MinimalismMinimalism
RomanticismRomanticism
Post-ImpressionismPost-Impressionism
Brice Marden
Brice Marden
Years Worked: 1958 - present

Artists

Nancy GravesNancy Graves
Jose ParlaJose Parla
Sean ScullySean Scully

Friends

Chuck CloseChuck Close
Robert MangoldRobert Mangold
Richard SerraRichard Serra
Vija CelminsVija Celmins

Movements

Abstract ExpressionismAbstract Expressionism
MinimalismMinimalism

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Content compiled and written by The Art Story Contributors

Edited and revised by Peter Clericuzio

" Artist Overview and Analysis". [Internet]. . TheArtStory.org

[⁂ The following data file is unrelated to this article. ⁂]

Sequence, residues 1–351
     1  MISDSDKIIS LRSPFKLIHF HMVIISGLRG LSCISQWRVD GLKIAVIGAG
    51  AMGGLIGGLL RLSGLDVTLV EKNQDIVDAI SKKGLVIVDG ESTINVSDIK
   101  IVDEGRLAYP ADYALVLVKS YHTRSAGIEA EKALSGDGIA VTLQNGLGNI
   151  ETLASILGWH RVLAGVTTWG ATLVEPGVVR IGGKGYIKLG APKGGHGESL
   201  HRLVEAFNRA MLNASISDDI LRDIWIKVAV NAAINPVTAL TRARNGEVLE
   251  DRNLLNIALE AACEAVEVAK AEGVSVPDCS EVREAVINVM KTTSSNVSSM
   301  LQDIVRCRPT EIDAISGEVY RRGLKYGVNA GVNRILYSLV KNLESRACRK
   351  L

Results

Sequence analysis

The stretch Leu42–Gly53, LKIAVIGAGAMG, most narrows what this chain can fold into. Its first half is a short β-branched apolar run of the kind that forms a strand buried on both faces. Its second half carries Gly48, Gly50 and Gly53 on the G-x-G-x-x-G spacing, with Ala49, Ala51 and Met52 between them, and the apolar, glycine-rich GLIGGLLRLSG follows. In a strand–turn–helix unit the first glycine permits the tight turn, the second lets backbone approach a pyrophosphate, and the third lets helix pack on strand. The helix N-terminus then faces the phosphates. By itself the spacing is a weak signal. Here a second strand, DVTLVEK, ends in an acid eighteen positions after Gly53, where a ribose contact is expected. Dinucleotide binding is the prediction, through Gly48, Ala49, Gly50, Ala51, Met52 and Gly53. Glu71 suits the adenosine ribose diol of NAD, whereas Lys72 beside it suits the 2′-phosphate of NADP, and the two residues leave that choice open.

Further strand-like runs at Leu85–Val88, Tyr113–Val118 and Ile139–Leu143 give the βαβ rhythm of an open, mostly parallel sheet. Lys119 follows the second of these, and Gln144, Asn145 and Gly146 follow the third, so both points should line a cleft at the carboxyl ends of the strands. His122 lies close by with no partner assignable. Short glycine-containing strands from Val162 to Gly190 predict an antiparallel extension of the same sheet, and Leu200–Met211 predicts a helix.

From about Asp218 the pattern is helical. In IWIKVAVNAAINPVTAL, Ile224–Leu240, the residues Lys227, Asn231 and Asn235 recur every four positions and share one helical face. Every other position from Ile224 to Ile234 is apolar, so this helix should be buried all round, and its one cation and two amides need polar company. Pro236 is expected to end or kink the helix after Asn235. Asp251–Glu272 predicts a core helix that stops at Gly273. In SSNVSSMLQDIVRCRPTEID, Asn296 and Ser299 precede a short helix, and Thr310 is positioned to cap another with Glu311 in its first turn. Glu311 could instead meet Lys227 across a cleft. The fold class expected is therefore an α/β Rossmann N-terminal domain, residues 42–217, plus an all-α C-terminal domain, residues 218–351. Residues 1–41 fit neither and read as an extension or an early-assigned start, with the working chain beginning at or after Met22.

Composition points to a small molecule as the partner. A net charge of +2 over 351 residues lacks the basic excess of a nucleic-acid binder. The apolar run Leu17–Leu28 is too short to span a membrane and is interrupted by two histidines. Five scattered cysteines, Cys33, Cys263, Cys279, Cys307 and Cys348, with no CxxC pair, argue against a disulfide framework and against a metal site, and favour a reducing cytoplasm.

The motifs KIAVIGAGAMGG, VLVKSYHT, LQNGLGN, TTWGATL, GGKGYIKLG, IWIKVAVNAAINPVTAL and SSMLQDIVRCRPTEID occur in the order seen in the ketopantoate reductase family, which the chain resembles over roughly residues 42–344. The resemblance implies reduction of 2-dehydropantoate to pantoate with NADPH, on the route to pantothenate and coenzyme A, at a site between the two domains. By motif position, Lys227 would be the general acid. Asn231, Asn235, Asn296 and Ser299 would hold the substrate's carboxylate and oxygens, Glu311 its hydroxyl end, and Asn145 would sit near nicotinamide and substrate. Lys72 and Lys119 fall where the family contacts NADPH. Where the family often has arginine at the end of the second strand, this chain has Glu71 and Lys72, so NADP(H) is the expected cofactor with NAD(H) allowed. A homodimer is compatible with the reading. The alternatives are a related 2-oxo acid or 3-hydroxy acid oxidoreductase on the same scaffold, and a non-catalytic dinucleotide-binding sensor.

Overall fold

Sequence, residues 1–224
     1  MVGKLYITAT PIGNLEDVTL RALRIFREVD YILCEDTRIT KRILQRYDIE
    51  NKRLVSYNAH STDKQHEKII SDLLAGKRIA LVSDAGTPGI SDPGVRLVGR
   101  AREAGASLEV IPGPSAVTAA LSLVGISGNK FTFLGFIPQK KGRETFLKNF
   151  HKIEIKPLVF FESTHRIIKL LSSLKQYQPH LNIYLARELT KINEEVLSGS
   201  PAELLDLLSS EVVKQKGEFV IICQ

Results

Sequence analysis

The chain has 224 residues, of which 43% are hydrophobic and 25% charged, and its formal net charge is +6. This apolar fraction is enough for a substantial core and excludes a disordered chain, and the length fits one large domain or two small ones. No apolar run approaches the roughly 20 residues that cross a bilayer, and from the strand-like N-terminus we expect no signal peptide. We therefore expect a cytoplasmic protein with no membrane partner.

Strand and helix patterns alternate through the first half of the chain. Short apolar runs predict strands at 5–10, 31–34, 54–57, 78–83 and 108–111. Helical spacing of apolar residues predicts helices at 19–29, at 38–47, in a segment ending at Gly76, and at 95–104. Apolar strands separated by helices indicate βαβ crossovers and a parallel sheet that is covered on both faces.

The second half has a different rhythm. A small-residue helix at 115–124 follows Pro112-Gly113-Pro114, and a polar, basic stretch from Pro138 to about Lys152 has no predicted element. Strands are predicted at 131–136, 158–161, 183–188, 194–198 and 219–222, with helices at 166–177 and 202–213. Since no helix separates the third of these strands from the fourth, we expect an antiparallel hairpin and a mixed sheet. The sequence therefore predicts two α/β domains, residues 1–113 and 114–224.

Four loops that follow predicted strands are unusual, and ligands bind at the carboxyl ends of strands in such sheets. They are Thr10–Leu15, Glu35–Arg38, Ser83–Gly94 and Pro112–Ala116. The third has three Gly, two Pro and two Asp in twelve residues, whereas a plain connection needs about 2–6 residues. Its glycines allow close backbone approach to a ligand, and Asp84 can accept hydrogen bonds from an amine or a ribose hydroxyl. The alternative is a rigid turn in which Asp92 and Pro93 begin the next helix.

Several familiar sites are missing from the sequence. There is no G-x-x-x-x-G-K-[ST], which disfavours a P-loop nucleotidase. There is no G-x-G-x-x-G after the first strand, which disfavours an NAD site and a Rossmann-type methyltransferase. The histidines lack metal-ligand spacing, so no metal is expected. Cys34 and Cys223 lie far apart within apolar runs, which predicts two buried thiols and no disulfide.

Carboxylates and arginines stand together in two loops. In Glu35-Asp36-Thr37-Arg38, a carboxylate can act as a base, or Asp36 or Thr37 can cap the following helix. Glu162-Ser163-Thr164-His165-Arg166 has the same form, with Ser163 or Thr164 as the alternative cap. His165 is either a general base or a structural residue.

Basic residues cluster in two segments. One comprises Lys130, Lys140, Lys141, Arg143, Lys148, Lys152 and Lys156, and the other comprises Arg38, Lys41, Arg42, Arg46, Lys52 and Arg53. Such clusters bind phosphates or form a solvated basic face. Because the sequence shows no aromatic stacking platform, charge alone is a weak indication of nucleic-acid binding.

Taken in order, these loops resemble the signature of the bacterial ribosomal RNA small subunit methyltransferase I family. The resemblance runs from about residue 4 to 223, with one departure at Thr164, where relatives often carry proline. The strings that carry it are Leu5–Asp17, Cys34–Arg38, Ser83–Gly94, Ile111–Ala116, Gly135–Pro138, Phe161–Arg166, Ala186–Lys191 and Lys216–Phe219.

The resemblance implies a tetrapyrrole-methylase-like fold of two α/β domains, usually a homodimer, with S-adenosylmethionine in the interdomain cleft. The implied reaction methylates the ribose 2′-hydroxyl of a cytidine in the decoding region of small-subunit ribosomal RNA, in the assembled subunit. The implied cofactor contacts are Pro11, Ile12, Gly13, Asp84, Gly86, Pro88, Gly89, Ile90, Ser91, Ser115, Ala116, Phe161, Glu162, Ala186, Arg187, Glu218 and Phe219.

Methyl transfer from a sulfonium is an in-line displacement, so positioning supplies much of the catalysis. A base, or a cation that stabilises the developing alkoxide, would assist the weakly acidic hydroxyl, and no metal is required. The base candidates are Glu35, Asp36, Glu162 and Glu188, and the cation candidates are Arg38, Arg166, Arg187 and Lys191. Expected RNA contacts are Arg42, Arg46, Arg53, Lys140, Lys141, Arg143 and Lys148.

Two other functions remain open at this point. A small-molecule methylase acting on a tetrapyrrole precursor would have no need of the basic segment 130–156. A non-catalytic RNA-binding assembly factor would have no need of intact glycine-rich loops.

Content compiled and written by The Art Story Contributors
Edited and revised by Peter Clericuzio
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Useful Resources on Brice Marden

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The books and articles below constitute a bibliography of the sources used in the writing of this page. These also suggest some accessible resources for further research, especially ones that can be found and purchased via the internet.

biography

Brice Marden: Phaidon Focus Recomended resource

By Eileen Costello

written by artist

Brice Marden: Notebook Sept. 1964-Sept. 1967

By Brice Marden

More Interesting Books about Brice Marden
Matthew Marks Gallery Recomended resource

Artsy.net

Provides a broader look at works and exhibitions. Brief bio included

Brice Marden Recomended resource

Interview
January 5, 2015

The Big Chill

New York Magazine

The Man Who Persevered When Painting Was Stalled Recomended resource

The New York Times
October 27, 2006